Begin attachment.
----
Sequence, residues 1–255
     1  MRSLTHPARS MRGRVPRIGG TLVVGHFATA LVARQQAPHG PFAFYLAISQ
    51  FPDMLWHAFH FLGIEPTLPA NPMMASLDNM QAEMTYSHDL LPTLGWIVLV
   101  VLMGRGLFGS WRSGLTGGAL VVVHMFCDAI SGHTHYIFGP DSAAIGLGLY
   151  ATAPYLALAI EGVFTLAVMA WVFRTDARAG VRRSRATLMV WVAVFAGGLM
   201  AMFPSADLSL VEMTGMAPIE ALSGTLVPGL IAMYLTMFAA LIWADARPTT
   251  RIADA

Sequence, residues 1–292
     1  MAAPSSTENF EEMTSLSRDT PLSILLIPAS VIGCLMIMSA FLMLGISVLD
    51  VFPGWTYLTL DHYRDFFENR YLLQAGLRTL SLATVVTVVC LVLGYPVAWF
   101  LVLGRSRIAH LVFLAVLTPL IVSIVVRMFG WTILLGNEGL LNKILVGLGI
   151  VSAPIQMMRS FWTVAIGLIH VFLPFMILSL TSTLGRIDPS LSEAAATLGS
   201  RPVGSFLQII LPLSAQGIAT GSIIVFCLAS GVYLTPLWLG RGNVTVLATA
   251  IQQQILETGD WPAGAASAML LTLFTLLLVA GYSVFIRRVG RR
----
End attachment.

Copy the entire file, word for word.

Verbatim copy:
Sequence, residues 1–255
     1  MRSLTHPARS MRGRVPRIGG TLVVGHFATA LVARQQAPHG PFAFYLAISQ
    51  FPDMLWHAFH FLGIEPTLPA NPMMASLDNM QAEMTYSHDL LPTLGWIVLV
   101  VLMGRGLFGS WRSGLTGGAL VVVHMFCDAI SGHTHYIFGP DSAAIGLGLY
   151  ATAPYLALAI EGVFTLAVMA WVFRTDARAG VRRSRATLMV WVAVFAGGLM
   201  AMFPSADLSL VEMTGMAPIE ALSGTLVPGL IAMYLTMFAA LIWADARPTT
   251  RIADA

Sequence, residues 1–292
     1  MAAPSSTENF EEMTSLSRDT PLSILLIPAS VIGCLMIMSA FLMLGISVLD
    51  VFPGWTYLTL DHYRDFFENR YLLQAGLRTL SLATVVTVVC LVLGYPVAWF
   101  LVLGRSRIAH LVFLAVLTPL IVSIVVRMFG WTILLGNEGL LNKILVGLGI
   151  VSAPIQMMRS FWTVAIGLIH VFLPFMILSL TSTLGRIDPS LSEAAATLGS
   201  RPVGSFLQII LPLSAQGIAT GSIIVFCLAS GVYLTPLWLG RGNVTVLATA
   251  IQQQILETGD WPAGAASAML LTLFTLLLVA GYSVFIRRVG RR